The Thunder Bay man charged with writing “I killed those kids” on the side of an Via Rail train car at Kamview Overlook Park says he didn’t write it.
“I never did,” said Glenn Kwandibens, 27, in a Facebook chat Monday with APTN National News. “I told (the police) anybody could of wrote it.”
Kwandibens has been charged with mischief under $5,000.
The graffiti was first brought to the attention of Thunder Bay police when an APTN reporter spotted the writing and tweeted a picture of it from his Twitter account Wednesday evening.
Train yard confession… pic.twitter.com/hVZhvsVR6x
— Kenneth Jackson (@afixedaddress) June 8, 2017
Three APTN reporters were at the site filming an interview at the time.
The following day a detective from Thunder Bay police contacted the reporter asking him to give a statement. The reporter said there was nothing he could offer, as he didn’t see who wrote it and didn’t know how long it was there.
“You found information about somebody killing kids. That’s pretty important information don’t you think?” Det. John Read said. “You are potentially a witness to something incredibly important.”
The area is where where the body of Jethro Anderson was pulled from the Kaministiquia River in 2000, the first of seven mysterious deaths of First Nations youth in Thunder Bay that sparked an inquest.
The Thunder Bay police identification unit attended scene Thursday and “processed the scene for the documentation and collection of evidence.”
Police said it was looking at all option to determine who wrote it and “any relevance to outstanding investigations.”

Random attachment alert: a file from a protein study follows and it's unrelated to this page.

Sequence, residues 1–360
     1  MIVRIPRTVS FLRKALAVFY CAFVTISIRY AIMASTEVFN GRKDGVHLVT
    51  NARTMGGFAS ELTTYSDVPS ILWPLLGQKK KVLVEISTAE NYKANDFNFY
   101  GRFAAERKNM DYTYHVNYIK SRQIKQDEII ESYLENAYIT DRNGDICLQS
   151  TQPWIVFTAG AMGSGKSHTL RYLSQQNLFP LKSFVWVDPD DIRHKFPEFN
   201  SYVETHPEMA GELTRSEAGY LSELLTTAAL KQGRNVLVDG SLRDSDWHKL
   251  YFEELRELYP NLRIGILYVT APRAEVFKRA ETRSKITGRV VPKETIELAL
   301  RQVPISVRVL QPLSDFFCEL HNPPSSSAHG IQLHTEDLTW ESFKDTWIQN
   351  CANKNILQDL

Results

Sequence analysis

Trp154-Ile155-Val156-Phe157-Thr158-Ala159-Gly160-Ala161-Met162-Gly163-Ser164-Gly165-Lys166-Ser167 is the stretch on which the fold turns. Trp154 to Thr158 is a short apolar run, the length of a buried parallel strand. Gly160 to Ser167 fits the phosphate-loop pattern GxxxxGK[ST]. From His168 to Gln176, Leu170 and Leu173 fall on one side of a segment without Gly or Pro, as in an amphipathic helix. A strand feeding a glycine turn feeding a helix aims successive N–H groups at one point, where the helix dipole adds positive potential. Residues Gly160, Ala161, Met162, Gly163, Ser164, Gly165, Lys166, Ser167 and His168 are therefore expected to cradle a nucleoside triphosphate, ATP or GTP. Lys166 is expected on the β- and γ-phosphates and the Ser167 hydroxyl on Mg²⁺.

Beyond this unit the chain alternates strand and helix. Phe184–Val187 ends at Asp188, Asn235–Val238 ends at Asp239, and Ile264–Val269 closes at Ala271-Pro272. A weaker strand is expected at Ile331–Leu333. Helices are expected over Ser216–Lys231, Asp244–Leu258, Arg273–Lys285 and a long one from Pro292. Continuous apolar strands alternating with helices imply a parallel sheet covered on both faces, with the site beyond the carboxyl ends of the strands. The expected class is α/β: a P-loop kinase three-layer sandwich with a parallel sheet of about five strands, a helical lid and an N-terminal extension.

The city then removed the graffiti, which also included an address and other graffiti.
The street address was the same as Kwandibens address but didn’t include his exact unit number. It’s a multi-unit walk up.
“Yeah it’s my address. But not my unit number,” said Kwandibens, adding he felt he was being framed for it because he likes to drink in the area.
Police said they arrested Kwandibens Saturday just before 10 p.m. without incident. He was released on a promise to appear in court.
Coincidently, APTN first met Kwandibens June 5 when he was with his girlfriend near the McIntyre river.
During an interview with Kwandibens and his girlfriend, which an APTN reporter was filming with his mobile phone, two Thunder Bay police officers approached asking what they were doing by the river.
The reporter identified himself and police continued to ask the couple questions, like had they been drinking, their names and where they lived. Kwandibens gave his address.
Police left without any incident only to return minutes later and escort the couple to the local shelter.